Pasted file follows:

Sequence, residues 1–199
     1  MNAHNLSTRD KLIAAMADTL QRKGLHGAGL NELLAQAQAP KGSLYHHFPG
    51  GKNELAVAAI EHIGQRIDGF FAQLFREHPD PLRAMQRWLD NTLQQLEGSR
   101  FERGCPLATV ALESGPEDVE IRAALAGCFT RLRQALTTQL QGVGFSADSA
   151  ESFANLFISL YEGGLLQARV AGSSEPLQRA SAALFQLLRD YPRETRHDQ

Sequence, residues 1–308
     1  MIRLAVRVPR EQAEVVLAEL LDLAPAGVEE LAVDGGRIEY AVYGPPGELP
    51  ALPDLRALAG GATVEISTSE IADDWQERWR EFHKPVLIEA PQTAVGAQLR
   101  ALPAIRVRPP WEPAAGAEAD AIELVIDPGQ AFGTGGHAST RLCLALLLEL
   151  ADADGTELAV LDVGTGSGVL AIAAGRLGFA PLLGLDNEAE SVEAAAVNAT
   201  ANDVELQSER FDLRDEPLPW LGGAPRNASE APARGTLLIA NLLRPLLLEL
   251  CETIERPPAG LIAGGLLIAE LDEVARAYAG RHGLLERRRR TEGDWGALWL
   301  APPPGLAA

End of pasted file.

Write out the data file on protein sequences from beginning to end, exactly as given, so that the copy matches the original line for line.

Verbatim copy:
Sequence, residues 1–199
     1  MNAHNLSTRD KLIAAMADTL QRKGLHGAGL NELLAQAQAP KGSLYHHFPG
    51  GKNELAVAAI EHIGQRIDGF FAQLFREHPD PLRAMQRWLD NTLQQLEGSR
   101  FERGCPLATV ALESGPEDVE IRAALAGCFT RLRQALTTQL QGVGFSADSA
   151  ESFANLFISL YEGGLLQARV AGSSEPLQRA SAALFQLLRD YPRETRHDQ

Sequence, residues 1–308
     1  MIRLAVRVPR EQAEVVLAEL LDLAPAGVEE LAVDGGRIEY AVYGPPGELP
    51  ALPDLRALAG GATVEISTSE IADDWQERWR EFHKPVLIEA PQTAVGAQLR
   101  ALPAIRVRPP WEPAAGAEAD AIELVIDPGQ AFGTGGHAST RLCLALLLEL
   151  ADADGTELAV LDVGTGSGVL AIAAGRLGFA PLLGLDNEAE SVEAAAVNAT
   201  ANDVELQSER FDLRDEPLPW LGGAPRNASE APARGTLLIA NLLRPLLLEL
   251  CETIERPPAG LIAGGLLIAE LDEVARAYAG RHGLLERRRR TEGDWGALWL
   301  APPPGLAA